While everyday provides us with the prospect for meaningful growth, Shabbat is different. By increasing our awareness of ourselves as part of the family of life, it helps us to develop compassion for all the rest of life, that which completes us and unifies us as one. Shabbat helps us to recognize that each one of us possesses an extraordinary soul, an individual and necessary piece of a humongous multi-dimensional life jigsaw puzzle, that we are all necessary to complete the final picture. Enlightened individuals teach us that true understanding comes from recognizing that we are all part of an eternal connection with the Infinite Source of Life and each other.
Now, try to think of something that brings a smile to your face, something that you feel really good about. It can be someone that you look forward to seeing, something you truly enjoy doing, or a special place where you like to spend time.
That’s how I feel about Shabbat. Celebrating Shabbat brings a smile to my face.
I look forward to it all week long. It really helps make my entire week better by knowing that there is a time coming when I can just relax and have fun, when there isn’t anything I have to do, or anywhere I need to be.
Shabbat is like a counter-balance on the scales of our lives. This scale usually tends to weigh heavily to the demanding, frantic paced aspects of our lives. Sometimes, though, we just need to take the time to slow down to a more natural pace, to allow our bodies to rest and recharge, to remember all the good stuff, the many blessings in our lives that we too often take for granted. Every now and then, we just need to be able to take the time to enjoy breathing, and to feel good about who we are, and all the good things that we are doing with our lives.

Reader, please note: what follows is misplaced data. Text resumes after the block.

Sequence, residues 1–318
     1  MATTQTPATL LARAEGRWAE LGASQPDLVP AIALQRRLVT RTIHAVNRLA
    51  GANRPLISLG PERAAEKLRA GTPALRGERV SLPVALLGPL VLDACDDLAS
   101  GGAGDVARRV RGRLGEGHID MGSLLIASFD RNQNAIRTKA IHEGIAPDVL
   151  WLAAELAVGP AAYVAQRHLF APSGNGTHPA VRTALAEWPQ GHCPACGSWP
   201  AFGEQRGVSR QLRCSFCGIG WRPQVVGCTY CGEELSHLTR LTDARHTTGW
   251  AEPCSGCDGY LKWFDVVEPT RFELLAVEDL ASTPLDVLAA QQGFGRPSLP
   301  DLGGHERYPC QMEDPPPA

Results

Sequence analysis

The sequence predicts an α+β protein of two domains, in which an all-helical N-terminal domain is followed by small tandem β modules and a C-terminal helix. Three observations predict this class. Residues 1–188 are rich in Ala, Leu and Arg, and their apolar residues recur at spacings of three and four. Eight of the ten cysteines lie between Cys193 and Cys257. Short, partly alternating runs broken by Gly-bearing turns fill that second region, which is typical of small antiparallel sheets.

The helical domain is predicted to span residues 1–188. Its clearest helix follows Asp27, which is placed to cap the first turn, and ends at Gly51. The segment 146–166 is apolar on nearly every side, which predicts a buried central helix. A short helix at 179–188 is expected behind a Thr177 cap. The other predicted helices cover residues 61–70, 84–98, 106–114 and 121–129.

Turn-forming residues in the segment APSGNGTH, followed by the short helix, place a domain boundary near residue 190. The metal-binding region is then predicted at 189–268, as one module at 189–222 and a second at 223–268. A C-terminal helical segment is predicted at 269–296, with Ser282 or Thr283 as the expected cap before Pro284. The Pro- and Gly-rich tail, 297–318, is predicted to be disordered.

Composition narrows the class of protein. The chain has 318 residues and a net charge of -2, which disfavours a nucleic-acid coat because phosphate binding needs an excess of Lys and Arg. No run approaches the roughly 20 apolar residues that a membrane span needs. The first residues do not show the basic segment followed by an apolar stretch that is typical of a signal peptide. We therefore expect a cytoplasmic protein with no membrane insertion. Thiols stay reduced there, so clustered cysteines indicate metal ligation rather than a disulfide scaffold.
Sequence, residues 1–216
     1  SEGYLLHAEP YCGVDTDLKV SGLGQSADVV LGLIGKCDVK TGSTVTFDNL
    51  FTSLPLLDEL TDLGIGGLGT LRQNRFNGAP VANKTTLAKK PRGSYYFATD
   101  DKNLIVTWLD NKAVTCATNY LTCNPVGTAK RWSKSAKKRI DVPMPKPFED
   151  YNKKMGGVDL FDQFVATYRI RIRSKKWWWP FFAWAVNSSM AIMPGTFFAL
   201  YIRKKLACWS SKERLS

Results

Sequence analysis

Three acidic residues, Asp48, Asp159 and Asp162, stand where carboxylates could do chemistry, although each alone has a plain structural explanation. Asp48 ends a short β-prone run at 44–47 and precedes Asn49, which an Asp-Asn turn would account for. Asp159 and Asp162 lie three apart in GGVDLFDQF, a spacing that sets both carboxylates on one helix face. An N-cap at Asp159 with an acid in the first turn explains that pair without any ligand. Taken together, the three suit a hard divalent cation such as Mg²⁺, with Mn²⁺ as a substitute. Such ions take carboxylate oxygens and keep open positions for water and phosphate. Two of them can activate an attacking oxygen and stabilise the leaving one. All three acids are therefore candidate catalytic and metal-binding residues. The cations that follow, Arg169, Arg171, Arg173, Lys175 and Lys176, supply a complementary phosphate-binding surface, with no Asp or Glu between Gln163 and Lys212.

There are so many caring people in the world. People who are trying to do good things, to help others, and to make a difference by the way they live their lives. Just realizing this reinforces that we are not alone, that there are others like us, quality people doing good things and trying to grow in their understandings of themselves. And like us, they also struggle at times, trying to figure it all out, trying to choose which direction to take. We are all so different from each other in so many ways, yet, in some very important ways, we share very similar understandings.
I believe that part of this is our desire to make a larger, more meaningful life connection. When we are going through difficult times in our lives, when we feel like we have lost touch and are not feeling really connected with either our inner soul self, our world or our life situation, it can feel like the blind leading the blind. But there is strength in getting together with others that are like us, particularly for Shabbat, to know that sharing with others is the best way to get clarity when we are trying to view the big picture, especially the really big picture, and it comes in high def, with surround sound.
Not too long ago the leaves of so many of the trees changed to their Fall seasonal colors. This time of year is so gorgeous! All year long we watch our gardens, flowers and vegetables grow very “slowly” and bloom. But come the peak time of fall, the change happens very quickly. In this instance, the colors of the leaves explode, becoming so vivid and vibrant for just a very brief time. It is like the grand finale of a humongous fireworks display of colors.
How many of you found the time this year to just go sit somewhere and allow yourself to truly enjoy and marvel at this fantastic aspect of nature. This spectacular life show is free, but it only comes once a year. There are no reruns. If you miss it, to see it again, you have to wait another year.
Fortunately, for us, the opportunity to experience the beauty of Shabbat comes once a week.May our life choices, on this new day and this coming Shabbat, help open our souls and waken ourselves, so that we will realize that the Source and Essence of Life is always there, constantly calling to us. Shema! Listen! Awaken your soul to life, and open your heart in love, and you will be able to hear, feel, and know so much more about your own purpose in this astounding puzzle, this remarkable maze and mystery of life. Then, once you have learned more about your own unique place in the grand scheme of things, you will be better prepared to answer your calling, even as our ancestor Abraham did, “Hineini, Here I am.”